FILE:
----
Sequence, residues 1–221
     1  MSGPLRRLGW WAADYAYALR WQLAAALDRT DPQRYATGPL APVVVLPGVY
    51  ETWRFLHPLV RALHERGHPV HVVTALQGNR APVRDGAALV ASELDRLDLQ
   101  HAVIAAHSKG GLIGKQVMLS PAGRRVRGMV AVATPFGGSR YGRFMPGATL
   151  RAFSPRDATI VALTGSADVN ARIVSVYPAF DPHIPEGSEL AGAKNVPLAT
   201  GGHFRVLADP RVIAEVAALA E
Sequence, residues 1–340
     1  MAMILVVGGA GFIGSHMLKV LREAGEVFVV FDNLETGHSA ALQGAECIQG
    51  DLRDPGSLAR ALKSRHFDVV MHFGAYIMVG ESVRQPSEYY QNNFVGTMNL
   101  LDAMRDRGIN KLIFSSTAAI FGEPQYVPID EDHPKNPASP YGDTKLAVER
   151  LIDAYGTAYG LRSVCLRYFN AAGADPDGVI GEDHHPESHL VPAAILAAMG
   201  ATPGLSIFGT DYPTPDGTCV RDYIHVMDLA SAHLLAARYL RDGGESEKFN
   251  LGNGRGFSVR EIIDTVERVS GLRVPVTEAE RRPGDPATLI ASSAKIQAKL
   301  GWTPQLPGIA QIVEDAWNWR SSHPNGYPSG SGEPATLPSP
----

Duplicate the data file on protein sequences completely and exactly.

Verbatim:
Sequence, residues 1–221
     1  MSGPLRRLGW WAADYAYALR WQLAAALDRT DPQRYATGPL APVVVLPGVY
    51  ETWRFLHPLV RALHERGHPV HVVTALQGNR APVRDGAALV ASELDRLDLQ
   101  HAVIAAHSKG GLIGKQVMLS PAGRRVRGMV AVATPFGGSR YGRFMPGATL
   151  RAFSPRDATI VALTGSADVN ARIVSVYPAF DPHIPEGSEL AGAKNVPLAT
   201  GGHFRVLADP RVIAEVAALA E
Sequence, residues 1–340
     1  MAMILVVGGA GFIGSHMLKV LREAGEVFVV FDNLETGHSA ALQGAECIQG
    51  DLRDPGSLAR ALKSRHFDVV MHFGAYIMVG ESVRQPSEYY QNNFVGTMNL
   101  LDAMRDRGIN KLIFSSTAAI FGEPQYVPID EDHPKNPASP YGDTKLAVER
   151  LIDAYGTAYG LRSVCLRYFN AAGADPDGVI GEDHHPESHL VPAAILAAMG
   201  ATPGLSIFGT DYPTPDGTCV RDYIHVMDLA SAHLLAARYL RDGGESEKFN
   251  LGNGRGFSVR EIIDTVERVS GLRVPVTEAE RRPGDPATLI ASSAKIQAKL
   301  GWTPQLPGIA QIVEDAWNWR SSHPNGYPSG SGEPATLPSP